14 thoughts on “The Great (Dog) Escape”

  1. I’ve got two conflicting reactions to that amazing bit of dog genius:

    One side is the rock climber in me cheering the pup on. Great stemming technique in that “open book” corner! (And, like most unroped climbs, getting down is harder than getting up.)

    The other side of me is cursing the dog… As an architect, I design vet clinics, doggy day cares, animal shelters and such… In other words, I’m the prison designer who needs to out smart these wily inmates. (For their own good, of course!) Certain dogs are natural “escape artists” and it’s amazing what they can figure out and execute when they are bored and/or motivated! (In addition to not having the dog escape, I also have to make sure they don’t put themselves in dangerous positions like this guy’s 6 foot drop from the kennel roof. It looks like he made it without a problem, but dogs will panic and hurt themselves if given the opportunity!)

    Still, no matter how much you learn from experience (and security camera footage) there will always be that one dog that comes up with a new, novel technique!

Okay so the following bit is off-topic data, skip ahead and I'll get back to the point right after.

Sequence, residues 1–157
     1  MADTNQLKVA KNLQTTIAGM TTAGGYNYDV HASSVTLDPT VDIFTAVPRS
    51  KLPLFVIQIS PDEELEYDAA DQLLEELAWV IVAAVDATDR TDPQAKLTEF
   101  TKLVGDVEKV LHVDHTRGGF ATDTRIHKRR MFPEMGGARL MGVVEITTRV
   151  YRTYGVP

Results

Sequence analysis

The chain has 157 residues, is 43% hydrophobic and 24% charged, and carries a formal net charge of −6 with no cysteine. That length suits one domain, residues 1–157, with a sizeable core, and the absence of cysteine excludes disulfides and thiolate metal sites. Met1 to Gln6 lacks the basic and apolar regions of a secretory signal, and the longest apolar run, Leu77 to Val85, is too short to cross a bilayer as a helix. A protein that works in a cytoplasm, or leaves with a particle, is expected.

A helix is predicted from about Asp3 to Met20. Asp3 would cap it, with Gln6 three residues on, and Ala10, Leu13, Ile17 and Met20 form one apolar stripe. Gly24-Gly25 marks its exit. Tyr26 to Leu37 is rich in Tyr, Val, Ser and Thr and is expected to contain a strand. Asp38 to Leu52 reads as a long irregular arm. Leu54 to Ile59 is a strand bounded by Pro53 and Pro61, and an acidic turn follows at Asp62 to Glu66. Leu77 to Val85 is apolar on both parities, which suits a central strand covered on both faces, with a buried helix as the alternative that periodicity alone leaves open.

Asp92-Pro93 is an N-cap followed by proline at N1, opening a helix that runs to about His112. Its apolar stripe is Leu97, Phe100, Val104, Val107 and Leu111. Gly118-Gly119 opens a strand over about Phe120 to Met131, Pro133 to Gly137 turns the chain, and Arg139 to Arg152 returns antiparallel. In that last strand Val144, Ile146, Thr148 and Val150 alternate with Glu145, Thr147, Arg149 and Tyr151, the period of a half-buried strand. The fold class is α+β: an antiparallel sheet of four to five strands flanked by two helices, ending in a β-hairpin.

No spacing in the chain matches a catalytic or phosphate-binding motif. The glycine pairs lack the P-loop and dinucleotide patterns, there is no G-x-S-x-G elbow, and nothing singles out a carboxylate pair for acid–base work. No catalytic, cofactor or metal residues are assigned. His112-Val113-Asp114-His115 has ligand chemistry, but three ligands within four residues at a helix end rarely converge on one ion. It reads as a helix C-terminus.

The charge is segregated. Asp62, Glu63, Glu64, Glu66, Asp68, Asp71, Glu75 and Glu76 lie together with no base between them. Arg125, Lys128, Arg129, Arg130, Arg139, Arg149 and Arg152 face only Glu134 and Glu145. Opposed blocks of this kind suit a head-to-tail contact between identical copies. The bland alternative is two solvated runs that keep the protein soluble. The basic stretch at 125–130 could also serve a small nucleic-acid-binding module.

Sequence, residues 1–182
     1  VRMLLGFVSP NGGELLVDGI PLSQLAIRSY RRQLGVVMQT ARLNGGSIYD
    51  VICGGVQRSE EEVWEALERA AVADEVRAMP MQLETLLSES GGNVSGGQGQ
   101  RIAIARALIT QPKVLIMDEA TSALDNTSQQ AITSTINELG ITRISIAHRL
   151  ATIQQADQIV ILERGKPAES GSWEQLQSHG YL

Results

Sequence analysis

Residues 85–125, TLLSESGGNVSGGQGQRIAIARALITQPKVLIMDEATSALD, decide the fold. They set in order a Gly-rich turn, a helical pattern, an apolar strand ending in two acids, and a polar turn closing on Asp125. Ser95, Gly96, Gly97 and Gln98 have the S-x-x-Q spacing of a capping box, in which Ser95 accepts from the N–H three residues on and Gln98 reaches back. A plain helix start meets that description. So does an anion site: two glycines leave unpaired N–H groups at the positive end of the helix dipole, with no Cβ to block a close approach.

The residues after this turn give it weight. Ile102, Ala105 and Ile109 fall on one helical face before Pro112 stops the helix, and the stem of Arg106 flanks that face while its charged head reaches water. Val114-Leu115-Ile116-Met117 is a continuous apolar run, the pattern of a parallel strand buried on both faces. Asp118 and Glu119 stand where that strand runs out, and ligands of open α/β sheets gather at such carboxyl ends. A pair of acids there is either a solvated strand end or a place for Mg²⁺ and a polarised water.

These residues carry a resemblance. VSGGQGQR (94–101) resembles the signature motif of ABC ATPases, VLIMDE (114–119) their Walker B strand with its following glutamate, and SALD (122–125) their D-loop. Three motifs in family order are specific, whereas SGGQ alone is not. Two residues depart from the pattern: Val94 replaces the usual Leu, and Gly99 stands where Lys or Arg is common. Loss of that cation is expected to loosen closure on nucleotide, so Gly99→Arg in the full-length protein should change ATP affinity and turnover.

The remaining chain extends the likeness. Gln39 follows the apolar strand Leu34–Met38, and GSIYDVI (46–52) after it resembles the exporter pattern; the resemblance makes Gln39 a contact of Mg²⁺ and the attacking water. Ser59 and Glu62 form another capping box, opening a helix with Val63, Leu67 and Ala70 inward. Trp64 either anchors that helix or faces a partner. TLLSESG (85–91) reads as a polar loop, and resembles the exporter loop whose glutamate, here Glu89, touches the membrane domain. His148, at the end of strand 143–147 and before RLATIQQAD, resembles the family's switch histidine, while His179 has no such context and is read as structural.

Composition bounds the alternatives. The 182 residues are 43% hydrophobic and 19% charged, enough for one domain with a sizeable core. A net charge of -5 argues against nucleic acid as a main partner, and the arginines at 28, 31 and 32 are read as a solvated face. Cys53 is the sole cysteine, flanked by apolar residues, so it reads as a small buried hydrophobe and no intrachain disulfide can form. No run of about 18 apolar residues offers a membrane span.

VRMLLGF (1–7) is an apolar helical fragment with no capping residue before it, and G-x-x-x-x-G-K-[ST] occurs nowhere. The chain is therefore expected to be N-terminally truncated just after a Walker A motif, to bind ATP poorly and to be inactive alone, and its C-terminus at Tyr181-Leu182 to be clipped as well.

2. That was terrific. Mitch pointed out the boards at the top of the door as possible evidence that this was not Fido’s first escape effort. I would also note the brick on the corner of the roof that our little friend had to negotiate. But then, why would one train a camera (security?) on a dog pen in the first place?

  3. raff,

    I heard it through the grapevine that he and a buddy were on the run in Argentina.

  4. The boards at the top of the door tell me this dog has gotten very good at this escape business.

  5. enoibob:

    Sometimes I think we’d be better off with humans ruled by dogs than dogs ruled by humans.

  6. The two dogs in the background give me the impression that they are barking at one another saying,he said he was going but we didn’t believe him.When he finally drops down the third dog seemingly is sticking out its paw saying bye,bye.

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